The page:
Endnote: the embodiment of consciousness: Bernstein, health and schooling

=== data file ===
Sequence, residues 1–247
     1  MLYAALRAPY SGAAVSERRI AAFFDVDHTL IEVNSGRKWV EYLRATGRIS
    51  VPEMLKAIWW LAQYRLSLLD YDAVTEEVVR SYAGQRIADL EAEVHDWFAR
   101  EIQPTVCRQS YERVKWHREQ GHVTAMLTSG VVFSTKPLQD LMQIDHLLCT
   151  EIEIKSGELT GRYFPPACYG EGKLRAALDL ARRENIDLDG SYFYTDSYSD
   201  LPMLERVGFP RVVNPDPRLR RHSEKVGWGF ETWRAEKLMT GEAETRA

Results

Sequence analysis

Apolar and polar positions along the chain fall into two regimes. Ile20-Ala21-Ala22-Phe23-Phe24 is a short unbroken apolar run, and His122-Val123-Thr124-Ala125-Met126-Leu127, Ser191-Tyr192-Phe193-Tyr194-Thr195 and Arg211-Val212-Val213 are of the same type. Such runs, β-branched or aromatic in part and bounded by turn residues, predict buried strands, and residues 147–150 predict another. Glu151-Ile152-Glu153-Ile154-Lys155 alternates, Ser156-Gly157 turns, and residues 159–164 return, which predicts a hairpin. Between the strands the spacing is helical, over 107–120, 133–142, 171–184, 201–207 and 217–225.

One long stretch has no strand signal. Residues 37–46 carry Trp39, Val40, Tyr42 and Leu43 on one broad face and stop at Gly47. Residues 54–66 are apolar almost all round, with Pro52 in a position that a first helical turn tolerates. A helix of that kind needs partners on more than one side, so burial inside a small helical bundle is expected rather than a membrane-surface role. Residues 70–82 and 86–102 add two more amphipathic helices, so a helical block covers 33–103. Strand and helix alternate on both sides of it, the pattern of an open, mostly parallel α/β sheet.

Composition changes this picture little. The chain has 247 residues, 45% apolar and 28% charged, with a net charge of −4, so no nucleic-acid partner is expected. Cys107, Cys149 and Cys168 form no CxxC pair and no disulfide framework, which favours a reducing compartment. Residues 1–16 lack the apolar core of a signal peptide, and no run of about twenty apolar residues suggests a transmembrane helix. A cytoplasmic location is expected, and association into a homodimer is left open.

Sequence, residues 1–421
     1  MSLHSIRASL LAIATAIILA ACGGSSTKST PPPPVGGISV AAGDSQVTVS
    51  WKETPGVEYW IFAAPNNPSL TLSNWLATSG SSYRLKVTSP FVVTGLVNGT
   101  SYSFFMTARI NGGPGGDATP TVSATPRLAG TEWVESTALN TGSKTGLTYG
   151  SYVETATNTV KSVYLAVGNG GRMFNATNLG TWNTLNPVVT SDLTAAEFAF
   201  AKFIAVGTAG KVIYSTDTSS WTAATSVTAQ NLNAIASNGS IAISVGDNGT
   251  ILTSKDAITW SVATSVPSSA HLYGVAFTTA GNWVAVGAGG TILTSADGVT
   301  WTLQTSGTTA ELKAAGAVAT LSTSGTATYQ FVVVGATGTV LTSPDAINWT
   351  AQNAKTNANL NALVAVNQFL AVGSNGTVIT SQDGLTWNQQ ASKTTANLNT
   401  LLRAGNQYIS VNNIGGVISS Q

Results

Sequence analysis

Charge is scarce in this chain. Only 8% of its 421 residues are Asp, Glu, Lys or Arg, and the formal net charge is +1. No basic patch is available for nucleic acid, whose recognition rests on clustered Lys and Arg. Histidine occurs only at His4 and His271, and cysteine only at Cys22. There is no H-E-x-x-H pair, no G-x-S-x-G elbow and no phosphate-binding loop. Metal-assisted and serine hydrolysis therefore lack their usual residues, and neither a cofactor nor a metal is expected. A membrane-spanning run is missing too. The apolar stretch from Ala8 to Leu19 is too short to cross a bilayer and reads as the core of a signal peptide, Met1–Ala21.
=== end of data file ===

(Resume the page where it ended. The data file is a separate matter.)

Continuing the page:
Post-structural theories invite us to consider the possibility that power resides in knowledge, that discourse can be reproduced or contested in a multiplicity of sites and is not held centrally by the state or a conspiratorial group (Skelton 1997). But how are particular forms of knowledge and discourse encoded and translated into pedagogical practices and with what consequences for identity and consciousness? We share Bernstein’s view that Foucault’s analysis of power, knowledge and discourse is a mighty attempt to show the new forms of the discursive positioning of subjects. Yet there is no substantive analysis of the complex of agencies, agents, social relations through which power, knowledge and discourse are brought into play as regulative devices; nor any discussion of modalities of control. It is a discourse without social relations. Further, Foucault ignores almost completely any systematic analysis of the common denominator of all discourses, education and the modalities of its transmission (Bernstein 1996). Here, then, we ask, how are wider social forces, economic interests and trends such as those mentioned throughout this book embedded and encoded in the practices of schooling, and ultimately internalised as distinctive forms of embodied consciousness? In pursuing this question we move from Foucault to the work of Bernstein, and elaborate on one of the major themes that has run throughout this and other chapters, that physical education and health (PEH) curricula are now increasingly dominated by pedagogic modalities expressing body perfection and performance codes.